In their analysis, the researchers investigated - among other aspects - the (genetic) relationship between feed efficiency and the feed intake capacity. Breeding for feed intake capacity reduces the feed efficiency, however breeding for feed efficiency traits also reduces the feed intake capacity. This might seem to be unfavourable, but it is not according to Professor Roel Veerkamp. ‘Cows with a reduced feed intake capacity are not a disadvantage as long as the feed they do eat is efficiently converted into milk production’, he states. ‘The additional feed intake of cows that eat a lot does not translate into higher milk production. In other words, they produce less efficiently, partly because they are heavier.’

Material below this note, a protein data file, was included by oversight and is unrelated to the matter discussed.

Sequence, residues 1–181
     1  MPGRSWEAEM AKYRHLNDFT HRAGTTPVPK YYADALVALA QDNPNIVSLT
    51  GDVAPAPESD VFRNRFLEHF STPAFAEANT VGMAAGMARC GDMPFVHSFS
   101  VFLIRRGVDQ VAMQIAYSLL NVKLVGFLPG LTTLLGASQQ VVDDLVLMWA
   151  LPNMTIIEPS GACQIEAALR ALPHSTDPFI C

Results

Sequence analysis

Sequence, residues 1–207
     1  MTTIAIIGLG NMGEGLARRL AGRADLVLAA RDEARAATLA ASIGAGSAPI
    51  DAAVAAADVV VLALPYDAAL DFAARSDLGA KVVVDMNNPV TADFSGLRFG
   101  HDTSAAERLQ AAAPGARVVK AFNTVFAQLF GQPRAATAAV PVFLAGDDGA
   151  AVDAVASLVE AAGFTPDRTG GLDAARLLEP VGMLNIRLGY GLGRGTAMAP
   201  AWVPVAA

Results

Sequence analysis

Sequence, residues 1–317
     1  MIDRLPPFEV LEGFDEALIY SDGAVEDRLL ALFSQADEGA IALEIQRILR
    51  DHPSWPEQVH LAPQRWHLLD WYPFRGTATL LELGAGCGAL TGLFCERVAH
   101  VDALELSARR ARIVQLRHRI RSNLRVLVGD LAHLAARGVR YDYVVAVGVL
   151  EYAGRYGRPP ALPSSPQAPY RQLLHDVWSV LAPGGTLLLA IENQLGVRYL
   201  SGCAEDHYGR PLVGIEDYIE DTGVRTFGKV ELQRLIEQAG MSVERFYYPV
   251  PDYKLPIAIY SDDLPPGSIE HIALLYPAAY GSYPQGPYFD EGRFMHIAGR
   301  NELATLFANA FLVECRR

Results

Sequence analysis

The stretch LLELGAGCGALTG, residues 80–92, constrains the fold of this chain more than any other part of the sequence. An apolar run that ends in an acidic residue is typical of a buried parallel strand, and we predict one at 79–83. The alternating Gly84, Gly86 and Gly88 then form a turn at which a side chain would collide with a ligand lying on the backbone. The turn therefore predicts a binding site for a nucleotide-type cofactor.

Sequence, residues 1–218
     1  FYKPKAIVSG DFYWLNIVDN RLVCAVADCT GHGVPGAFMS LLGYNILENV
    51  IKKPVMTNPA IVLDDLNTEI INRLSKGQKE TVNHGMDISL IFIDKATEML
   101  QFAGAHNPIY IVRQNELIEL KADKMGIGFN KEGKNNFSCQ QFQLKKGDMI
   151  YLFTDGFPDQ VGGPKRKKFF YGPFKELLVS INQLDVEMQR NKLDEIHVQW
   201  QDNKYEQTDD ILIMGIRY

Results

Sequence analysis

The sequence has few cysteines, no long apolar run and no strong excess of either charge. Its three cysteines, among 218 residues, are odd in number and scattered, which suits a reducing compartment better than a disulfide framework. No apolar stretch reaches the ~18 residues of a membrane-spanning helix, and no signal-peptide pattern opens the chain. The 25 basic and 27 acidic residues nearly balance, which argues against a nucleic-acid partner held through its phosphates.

A higher feed efficiency is directly linked to better roughage utilisation. This is the concision of researchers from the Animal Breeding and Genomics group at Wageningen Livestock Research based on analysis of a data set containing the feed intake, weight and milk production data of more than 3000 cows.
High intake, less efficient
Concentrate feed intake efficiency not hereditary
The researchers also focussed on whether breeding for feed efficiency results in cows that need a higher concentrate ration to achieve the same milk production. They concluded that cows with a high total feed efficiency also utilise the roughage component of their ration efficiently. The researchers did not find any genetic differences in concentrate feed intake efficiency. According to them - for practical purposes in the Netherlands and Flanders - there seems to be little advantage in distinguishing between roughage and concentrate intake efficiency.